The Journey To my New Existence Living With HIV

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The 10 best blogs for HIV and AIDS

His blog has received numerous awards, including the National Lesbian and Gay Journalist Association's "Excellence in Blogging" honor for the years and My Fabulous Disease features snippets from King's life living as a gay man with HIV and who is also recovering from drug addiction , as well as frank opinion, debate, and inspirational writing.

Blog posts include King's switch from smoking to vaping , the time that "Will and Grace" forgot to address HIV again , and advice for those who have recently tested HIV-positive. Visit the My Fabulous Disease blog. Josh Robbins learned in that he was HIV-positive. He created the blog I'm Still Josh to let the world know that while being HIV-positive is part of his life's story, it is not what defines him as a person. Through his blog, Josh hopes to help people who are HIV-positive and -negative to find hope through his experiences.


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He also aspires to help others avoid receiving the same diagnosis as him, and to help people who are HIV-positive to realize that their diagnosis is just the start of entering a new world. Visit the I'm Still Josh blog. His blog began in as a letter to a dying friend and morphed into the record of his thoughts, feelings, activities, and life that it is today.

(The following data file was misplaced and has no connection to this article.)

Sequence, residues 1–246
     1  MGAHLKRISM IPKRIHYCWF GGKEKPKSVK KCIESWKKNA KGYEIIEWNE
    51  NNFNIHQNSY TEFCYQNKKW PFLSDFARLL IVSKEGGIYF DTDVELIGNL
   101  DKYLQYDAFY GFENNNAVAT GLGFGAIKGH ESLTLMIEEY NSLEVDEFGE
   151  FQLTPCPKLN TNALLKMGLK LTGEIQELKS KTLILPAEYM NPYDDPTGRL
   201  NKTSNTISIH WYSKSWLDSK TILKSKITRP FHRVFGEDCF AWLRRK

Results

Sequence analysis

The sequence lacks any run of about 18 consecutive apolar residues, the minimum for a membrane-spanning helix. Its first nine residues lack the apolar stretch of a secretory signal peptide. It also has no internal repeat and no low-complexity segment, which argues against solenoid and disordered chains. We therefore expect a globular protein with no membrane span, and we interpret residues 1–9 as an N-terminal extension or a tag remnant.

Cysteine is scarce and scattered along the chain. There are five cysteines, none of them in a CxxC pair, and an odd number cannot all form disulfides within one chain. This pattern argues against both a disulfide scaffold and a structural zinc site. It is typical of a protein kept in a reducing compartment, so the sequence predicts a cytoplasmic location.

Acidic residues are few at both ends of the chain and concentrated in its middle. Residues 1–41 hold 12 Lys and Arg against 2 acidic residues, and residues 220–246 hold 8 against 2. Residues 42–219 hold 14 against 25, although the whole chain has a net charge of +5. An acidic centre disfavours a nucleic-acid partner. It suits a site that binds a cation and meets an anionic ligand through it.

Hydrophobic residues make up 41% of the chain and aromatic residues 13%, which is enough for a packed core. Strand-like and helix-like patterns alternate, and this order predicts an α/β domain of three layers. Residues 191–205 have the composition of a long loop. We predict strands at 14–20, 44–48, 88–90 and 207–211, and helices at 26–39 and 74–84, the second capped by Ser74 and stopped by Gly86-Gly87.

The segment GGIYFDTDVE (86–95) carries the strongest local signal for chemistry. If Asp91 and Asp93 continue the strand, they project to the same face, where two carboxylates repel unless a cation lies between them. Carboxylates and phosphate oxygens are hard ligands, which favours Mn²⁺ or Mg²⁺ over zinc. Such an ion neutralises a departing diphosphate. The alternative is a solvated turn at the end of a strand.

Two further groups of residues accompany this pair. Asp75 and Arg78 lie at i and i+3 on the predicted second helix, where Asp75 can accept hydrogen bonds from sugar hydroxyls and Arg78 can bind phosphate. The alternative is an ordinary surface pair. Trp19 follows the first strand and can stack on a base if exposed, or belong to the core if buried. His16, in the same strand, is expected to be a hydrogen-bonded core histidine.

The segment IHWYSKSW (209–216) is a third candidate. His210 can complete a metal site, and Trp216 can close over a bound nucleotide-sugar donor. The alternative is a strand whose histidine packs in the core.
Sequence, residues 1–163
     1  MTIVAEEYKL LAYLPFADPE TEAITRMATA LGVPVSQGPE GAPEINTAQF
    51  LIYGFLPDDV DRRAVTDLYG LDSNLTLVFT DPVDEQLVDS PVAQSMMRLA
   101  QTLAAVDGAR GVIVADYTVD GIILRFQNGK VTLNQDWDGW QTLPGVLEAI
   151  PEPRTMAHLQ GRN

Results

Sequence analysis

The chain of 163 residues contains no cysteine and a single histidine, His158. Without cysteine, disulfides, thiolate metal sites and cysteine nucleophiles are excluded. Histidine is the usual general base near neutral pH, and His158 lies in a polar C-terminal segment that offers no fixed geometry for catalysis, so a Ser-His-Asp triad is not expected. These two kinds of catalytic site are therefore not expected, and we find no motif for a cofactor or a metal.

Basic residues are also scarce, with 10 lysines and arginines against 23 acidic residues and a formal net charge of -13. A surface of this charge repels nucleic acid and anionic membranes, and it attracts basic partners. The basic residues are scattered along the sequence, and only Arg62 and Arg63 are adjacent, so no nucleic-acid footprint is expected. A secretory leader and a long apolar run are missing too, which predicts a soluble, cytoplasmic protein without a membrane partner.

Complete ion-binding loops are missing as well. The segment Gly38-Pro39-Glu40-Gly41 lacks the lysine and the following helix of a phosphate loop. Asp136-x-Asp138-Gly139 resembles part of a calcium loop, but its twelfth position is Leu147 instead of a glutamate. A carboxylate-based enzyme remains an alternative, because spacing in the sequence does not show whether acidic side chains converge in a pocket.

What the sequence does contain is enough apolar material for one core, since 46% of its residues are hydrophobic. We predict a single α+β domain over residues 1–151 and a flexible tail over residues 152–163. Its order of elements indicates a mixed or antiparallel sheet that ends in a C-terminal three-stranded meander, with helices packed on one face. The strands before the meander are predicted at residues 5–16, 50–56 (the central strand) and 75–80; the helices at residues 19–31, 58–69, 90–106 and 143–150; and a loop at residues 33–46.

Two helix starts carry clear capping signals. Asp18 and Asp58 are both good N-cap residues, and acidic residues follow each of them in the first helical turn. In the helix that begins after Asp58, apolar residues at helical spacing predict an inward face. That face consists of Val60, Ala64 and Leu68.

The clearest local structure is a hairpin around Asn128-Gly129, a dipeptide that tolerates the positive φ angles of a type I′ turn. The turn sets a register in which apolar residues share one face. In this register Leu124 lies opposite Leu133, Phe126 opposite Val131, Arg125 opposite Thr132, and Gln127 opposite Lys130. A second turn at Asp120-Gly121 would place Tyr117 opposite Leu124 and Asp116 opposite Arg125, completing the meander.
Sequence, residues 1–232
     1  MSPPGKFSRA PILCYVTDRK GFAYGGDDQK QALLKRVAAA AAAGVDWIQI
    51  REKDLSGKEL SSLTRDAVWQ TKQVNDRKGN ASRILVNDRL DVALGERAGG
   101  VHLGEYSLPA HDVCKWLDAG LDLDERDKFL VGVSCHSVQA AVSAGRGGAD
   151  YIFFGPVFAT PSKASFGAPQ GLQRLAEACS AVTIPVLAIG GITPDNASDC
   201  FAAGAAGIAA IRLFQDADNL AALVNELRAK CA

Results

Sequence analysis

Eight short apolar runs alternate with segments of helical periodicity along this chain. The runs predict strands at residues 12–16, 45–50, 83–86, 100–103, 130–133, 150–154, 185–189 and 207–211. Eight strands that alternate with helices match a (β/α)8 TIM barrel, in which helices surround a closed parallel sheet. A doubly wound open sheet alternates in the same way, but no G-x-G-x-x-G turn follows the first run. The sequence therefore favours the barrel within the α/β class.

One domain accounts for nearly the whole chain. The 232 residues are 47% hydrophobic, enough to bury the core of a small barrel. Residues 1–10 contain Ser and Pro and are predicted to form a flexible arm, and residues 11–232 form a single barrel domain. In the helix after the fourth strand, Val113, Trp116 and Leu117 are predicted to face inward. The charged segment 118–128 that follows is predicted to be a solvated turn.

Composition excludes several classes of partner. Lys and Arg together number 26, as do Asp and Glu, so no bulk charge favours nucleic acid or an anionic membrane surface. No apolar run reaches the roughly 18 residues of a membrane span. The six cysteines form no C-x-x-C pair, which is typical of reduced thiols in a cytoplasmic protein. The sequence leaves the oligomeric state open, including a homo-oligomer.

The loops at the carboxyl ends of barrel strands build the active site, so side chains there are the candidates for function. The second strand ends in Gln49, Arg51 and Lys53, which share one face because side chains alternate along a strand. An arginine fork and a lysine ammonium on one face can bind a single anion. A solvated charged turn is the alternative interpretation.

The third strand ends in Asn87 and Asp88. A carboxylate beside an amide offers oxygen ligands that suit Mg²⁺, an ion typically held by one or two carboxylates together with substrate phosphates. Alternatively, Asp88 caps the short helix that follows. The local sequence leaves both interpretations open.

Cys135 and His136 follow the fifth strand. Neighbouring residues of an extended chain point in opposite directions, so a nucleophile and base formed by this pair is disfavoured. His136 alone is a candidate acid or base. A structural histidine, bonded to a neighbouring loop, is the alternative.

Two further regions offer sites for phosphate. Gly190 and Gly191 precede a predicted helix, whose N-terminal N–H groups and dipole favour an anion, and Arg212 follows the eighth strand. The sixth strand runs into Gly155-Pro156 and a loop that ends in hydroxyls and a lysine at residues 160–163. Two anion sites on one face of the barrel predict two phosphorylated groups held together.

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Kenn says that although HIV and AIDS are an important part of his journey, he has many other interests and goes off on tangents regularly. The key posts on the blog include an honest autobiographical piece on Kenn and his brother both being gay and their separate, yet entwined, life paths, how the stigma behind HIV and AIDS still cuts to the bone , and the fog of renewing sobriety after 17 years of sober experience. The Body's board of experts provides high-quality information to help improve the quality of life for those living with HIV and AIDS, and its mission is to "foster community through human connection.

The blog includes Brooke's account of becoming a single HIV-positive mother, how to stay on top of your oral health , and how to learn to live with HIV and be O. Visit The Body blog. Positive Peers is a social media app that is designed for young adults, between the ages of 13 and 34, who are living with HIV. Positive Peers was developed with the vision that their users will feel less isolation and stigma and have better health outcomes due to being able to use the app's tools to self-manage their condition.

The blog explores topics that are important to individuals using Positive Peers, such as what people with HIV need to know about hepatitis , the latest advances in HIV treatments and research , and tips for managing HIV if you are homeless. Visit the Positive Peers blog. Justin B. Terry Smith has been living with HIV since He lives in Laurel, MD, with his husband and two sons, who are 18 and 20 years old.